Every Brilliant Thing

Written on January 26th, 2020

Rebecca Northan Shines with Audience Interaction

In a one-woman show, improv expert Rebecca Northan shares the stage with a dozen or so audience members she conscripts to complete the cast.  Apparently, no one can say no to Northan as she gets full cooperation from the audience members, some with surprisingly good acting skills.

Northan wowed audiences two years ago with Blind Date where she pulled the latest love of her life from the Grand’s attendees.  She is now in the McManus Theatre downstairs at the Grand in a touching play, Every Brilliant Thing

It’s a good script – but then I don’t know how far it has strayed from the original writing with Northan’s improvisation. 

The story starts with Northan playing a seven-year-old girl whose dog, Sherlock Bones, has to be put down by the veterinarian.  A man in the audience is selected to play the vet, and Northan explains this was her first experience with death.  Next, she is picked up at school by her father because her mother has, in his words, “done a stupid thing”.  As Northan narrates the story, we learn that this was her mother’s first suicide attempt.  When the child learns that her mother was sad (her early understanding of depression) she decides to make a list of Every Brilliant Thing.  She starts writing down whatever might make her mother happy, starting with ice cream. 

(Spoiler alert – skip the next two paragraphs.)

In college, Northan continues the list with her boyfriend, another recruit from the audience.  They marry and apparently are very happy.  But soon she, herself, is depressed.  After the marriage fails, we learn of her mother’s death on her third suicide attempt. 

The story feels a little unfinished – her estranged husband reaches out and contacts her with his sympathy when her mother dies.  He asks to see her again, but we never learn if she responds. 

The lower lobby has been transformed into the character’s 1980 family home with harvest gold appliances, a kitchen table, and the “kitchen piano”, which is talked about in the play.  Her father’s office is off to the side.  As the theatregoers arrive, Northan circulates in the lobby, handing out recipe cards with lines written on them.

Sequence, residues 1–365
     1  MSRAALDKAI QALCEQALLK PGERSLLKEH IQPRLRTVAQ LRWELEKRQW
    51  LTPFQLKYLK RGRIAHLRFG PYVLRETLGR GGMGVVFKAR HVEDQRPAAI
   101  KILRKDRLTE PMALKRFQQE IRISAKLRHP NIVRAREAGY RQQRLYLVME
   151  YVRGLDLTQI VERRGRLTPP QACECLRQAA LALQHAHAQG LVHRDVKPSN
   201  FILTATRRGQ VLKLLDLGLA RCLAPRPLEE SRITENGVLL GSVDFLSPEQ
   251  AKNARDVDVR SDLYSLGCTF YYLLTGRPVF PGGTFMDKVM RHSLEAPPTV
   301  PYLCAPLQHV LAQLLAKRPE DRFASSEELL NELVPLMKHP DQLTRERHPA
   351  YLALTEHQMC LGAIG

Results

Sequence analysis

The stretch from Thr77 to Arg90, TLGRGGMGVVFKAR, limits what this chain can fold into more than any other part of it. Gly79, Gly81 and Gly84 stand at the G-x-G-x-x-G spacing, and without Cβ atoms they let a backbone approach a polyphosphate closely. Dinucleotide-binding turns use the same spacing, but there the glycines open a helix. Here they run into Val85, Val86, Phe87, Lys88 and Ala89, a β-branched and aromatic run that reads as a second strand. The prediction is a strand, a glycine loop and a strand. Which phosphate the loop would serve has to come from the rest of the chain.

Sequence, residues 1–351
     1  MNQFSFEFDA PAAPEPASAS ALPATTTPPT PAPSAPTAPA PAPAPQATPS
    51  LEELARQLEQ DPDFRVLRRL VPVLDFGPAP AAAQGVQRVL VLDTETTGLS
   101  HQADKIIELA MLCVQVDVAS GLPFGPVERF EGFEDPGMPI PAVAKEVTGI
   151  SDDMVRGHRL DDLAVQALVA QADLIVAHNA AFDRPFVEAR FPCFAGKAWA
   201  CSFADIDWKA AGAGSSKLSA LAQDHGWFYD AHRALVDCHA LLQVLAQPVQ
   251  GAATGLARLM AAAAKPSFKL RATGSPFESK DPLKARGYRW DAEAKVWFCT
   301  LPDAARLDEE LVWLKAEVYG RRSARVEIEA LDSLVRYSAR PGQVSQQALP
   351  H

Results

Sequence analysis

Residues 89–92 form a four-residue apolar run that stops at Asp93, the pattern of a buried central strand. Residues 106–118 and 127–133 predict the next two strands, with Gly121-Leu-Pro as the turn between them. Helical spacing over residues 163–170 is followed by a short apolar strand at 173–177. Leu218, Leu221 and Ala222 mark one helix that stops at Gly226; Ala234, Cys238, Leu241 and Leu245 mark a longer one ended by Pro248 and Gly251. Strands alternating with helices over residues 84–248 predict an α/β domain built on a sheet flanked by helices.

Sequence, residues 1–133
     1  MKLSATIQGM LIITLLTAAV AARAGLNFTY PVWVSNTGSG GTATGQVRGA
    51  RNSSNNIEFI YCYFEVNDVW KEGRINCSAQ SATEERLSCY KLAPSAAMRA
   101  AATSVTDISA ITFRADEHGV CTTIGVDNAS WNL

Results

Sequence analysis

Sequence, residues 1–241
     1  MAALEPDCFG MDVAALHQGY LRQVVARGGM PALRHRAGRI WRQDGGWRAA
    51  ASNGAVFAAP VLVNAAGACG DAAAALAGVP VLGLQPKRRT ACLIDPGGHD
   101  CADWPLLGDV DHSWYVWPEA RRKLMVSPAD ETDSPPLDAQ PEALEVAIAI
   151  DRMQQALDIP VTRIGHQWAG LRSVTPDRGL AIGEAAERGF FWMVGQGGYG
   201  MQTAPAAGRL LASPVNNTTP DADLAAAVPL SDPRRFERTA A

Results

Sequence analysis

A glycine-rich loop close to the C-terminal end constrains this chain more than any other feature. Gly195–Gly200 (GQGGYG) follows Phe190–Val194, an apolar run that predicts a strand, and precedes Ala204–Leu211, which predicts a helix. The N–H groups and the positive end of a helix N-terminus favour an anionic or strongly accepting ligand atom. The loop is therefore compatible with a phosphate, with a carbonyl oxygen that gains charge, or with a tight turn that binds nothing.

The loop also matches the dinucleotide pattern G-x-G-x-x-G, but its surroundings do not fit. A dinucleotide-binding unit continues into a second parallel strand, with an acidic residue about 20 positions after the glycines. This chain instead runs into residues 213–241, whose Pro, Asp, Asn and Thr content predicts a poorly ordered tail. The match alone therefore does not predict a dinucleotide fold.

So we see the space before we get in to see the play, where there is no set and limited props.  The lights stay bright for the entire show, allowing Northan can see all the audience members who encircle her stage area. 

Sometimes Northan’s switch in and out of character is a bit jarring.  She has to look around to find cast mates – vet, father, teacher, professor, boyfriend, and so on.  When she splits up a couple who came to the theatre together and moves the young woman to a far corner so she can pretend the young man is her boyfriend, it seems a little discourteous.  These interruptions in the story need to be smoothed out.  I am a theatregoer who objects to anything that pulls my attention away from the plot. 

Taking on suicide in a play that is otherwise a comedy could be disturbing, but Every Brilliant Thing does it successfully.  The issue of suicide as a social contagion is even discussed, and the audience is educated on the concerns.  Between hearing this important message and watching Northan’s amazing talent for improvisation, Every Brilliant Thing is well worth seeing. 

Every Brilliant Thing continues on the McManus Stage, Grand Theatre, London until February 2.  Tickets are available at the Grand box office at 672-8800 or 1-800-265-1593 or visit www.grandtheatre.com

Photo: Rebecca Northan (centre) recruiting audience members in Every Brilliant Thing.  Photo by Dahlia Katz.

Every Brilliant Thing
By Duncan Macmillan with Jonny Donahoe
Directed by Liza Balkan
Performed by Rebecca Northan.
McManus Stage, Grand Theatre, London
January 21 to February 2, 2020
Reviewed by Mary Alderson

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